Selling in Japan is different from selling in Europe or America. The distribution circuit is characteristic, with some barriers for imported products. Because of its sorts of tangled model, distribution in Japan has been misunderstood by other countries, leading to some trade problems and disputes. The model is changing, but the number of ‘mom-and-pop’ (speciality or semi-speciality) stores remains bigger than elsewhere, with around 373 thousand stores according to Statista (in 2014). So what does the distribution look like in Japan now?
Table of Contents
Stores in Japan
There are three main types of stores, if we except the (semi-)speciality ones.
Merchandise Stores (GMS) マーチャンダイズストアmaachandaizu stoa
They specialize in ‘groceries, perishables, clothing, household goods, furniture, and electrical goods’ (Nordea). They usually sell imported goods too and are held by major national chains.
Supermarkets (SM) スーパー suupaa
They especially sell groceries and household goods, with products of their own brand in order to differentiate them and stay competitive. However, its number has been declining. According to MATCHA, the three main chains are Ito Yokado, AEON, and the Tokyu Store.
Convenience Stores コンビニ konbini
They are widespread in Japan, especially in Tokyo where you can find several of them on one street. The most famous chains are 7-Eleven, FamilyMart and Lawson (with Original Lawson, Natural Lawson, Lawson Store 100 and Lawson Fresh, an online store – check out All About Japan for more details). You can find more than 50,000 convenience stores, offering a great variety of goods (with a high turnover) and services (usually ATM, Wi-Fi, multi-purpose terminals, printer/scanner, several kinds of bill payments possible and delivery). They floor space is limited, around 100 m² on average.
Growth of Online Shopping
The Ministry of Economy, Trade and Industry estimated the growth of online shopping at an annual rate of almost 10%, and the size of the market is likely to double.
According to Statista, the B2B online retail market value in Japan was around 265 trillion JPY in 2013 and 344 trillion JPY in 2018 (30%). Concerning the B2C online retail market value in Japan, it was at around 7.8 trillion JPY in 2010 and 18 trillion Japanese JPY in 2018 (6.2%).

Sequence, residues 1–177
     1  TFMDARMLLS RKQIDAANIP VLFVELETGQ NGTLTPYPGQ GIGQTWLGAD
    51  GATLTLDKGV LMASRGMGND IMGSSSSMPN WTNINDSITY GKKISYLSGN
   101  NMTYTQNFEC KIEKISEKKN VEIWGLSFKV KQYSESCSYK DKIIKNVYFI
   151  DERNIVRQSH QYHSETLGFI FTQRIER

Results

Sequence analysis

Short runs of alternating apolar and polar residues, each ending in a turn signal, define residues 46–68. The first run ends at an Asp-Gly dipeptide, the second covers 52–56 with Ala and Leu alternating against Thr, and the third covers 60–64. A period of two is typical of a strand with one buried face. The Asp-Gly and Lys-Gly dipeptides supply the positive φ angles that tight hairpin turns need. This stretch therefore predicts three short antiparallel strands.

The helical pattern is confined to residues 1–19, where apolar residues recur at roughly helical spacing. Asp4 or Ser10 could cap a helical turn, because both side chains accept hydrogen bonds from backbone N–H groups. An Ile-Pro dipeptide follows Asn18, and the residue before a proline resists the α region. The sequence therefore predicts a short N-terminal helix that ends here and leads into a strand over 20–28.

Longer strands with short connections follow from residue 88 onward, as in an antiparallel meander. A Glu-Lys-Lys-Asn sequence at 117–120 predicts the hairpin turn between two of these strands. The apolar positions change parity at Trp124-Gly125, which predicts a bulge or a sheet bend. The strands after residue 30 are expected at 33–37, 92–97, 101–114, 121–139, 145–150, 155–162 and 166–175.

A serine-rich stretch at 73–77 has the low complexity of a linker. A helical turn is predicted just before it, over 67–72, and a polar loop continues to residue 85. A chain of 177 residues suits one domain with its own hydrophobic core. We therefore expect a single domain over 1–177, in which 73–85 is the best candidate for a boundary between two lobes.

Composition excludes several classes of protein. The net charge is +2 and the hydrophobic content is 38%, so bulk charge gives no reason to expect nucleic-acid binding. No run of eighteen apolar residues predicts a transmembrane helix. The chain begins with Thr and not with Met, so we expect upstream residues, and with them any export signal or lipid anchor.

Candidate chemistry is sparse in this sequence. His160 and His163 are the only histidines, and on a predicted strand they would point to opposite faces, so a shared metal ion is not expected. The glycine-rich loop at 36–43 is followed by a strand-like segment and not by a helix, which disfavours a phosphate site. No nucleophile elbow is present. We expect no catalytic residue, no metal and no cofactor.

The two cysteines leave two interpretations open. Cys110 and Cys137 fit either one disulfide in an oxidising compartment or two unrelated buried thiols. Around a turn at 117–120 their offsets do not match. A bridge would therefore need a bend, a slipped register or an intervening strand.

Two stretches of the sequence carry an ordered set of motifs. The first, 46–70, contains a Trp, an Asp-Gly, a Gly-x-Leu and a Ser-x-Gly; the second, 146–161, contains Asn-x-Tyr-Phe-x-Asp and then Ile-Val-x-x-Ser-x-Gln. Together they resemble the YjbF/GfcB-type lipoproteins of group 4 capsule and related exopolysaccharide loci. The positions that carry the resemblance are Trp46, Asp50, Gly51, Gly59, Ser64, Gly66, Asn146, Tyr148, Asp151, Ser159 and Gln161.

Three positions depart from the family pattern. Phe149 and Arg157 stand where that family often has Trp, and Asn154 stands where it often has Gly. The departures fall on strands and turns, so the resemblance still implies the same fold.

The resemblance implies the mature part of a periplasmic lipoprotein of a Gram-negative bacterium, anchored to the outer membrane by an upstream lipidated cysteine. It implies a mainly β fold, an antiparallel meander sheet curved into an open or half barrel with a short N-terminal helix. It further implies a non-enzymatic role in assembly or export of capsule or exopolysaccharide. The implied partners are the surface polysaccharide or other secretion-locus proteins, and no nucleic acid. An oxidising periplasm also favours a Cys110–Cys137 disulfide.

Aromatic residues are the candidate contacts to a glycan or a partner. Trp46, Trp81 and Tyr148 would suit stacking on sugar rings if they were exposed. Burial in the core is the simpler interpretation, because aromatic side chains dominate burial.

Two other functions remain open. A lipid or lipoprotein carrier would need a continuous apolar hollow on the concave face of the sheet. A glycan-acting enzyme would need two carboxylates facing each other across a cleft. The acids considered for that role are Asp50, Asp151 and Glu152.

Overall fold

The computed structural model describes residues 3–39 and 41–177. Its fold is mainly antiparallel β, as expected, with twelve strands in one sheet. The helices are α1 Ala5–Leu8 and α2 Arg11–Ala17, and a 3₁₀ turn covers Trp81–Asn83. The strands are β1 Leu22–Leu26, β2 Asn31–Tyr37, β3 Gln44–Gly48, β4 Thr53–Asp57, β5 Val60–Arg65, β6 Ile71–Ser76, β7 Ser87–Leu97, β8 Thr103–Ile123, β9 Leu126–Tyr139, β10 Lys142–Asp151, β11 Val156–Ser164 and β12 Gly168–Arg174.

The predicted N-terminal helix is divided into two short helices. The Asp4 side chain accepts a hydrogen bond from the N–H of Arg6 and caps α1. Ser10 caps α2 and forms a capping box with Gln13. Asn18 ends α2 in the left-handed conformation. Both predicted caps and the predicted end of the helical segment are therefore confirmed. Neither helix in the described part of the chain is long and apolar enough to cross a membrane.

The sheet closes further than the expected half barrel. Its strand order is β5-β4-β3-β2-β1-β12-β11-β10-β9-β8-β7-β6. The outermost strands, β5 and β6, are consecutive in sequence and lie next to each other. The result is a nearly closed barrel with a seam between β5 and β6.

Advantages for Customers
Customers prefer shopping online for several reasons:
- Price (usually cheaper and with many discounts, all year).
- Time of delivery (with Amazon Japan, for example, Prime members can receive their parcel in one day).
- Credit card payment available (without any additional cost – and it is a good opportunity for the government, who wants more cashless transactions).
- Variety of stores, goods and services.
- Easy: customers can buy on their smartphones, computers, etc. and in a few clicks.
Advantages for Sellers
- Less physical stores (if none), reducing costs (rent, workers) and avoiding the problem of a stock or store too small – especially after the Law Concerning Adjustment of Retail Business Activities by Large Scale Retail Stores (Large Stores Law) of March 1974.
- Digital marketing: data analysis to better know customers, exclusive discounts, best-seller list, etc.
- Growth of e-Commerce, a promise for more customers.
Wholesale in Japan
According to a Keio University professor, large purchases of stock are not a common thing in Japan. The importance of customer service is strong, and before the 80s, retailers who changed their prices could not build a strong relationship with wholesalers. Distributors were relying on one wholesalers only and the majority was small retailers, protected by the government. After the 90s, however, their number decreased and bigger wholesalers became more popular, with many imported goods. The importance of the development of a strong relationship lowered too, and wholesalers stopped accepting returns, taking fewer risks. But what did not change is the complexity of the distribution system, since a product can pass through 2 to 5 wholesalers.
Reference: www.japantimes.co.jp/opinion/2019/05/19/commentary/japan-commentary/the-distribution-revolution/ www.wto.org/english/tratop_e/dispu_e/44r02.pdf www.nordeatrade.com/en/explore-new-market/japan/distribution keio-ocw.sfc.keio.ac.jp/International_Center/09B-016_e/lecture_contents/Class%207_The%20Japanese%20Distribution%20System.pdf www.emerald.com/insight/content/doi/10.1108/09600039610150433/full/html allabout-japan.com/en/article/2714/ www.japan-guide.com/e/e2071.html matcha-jp.com/en/189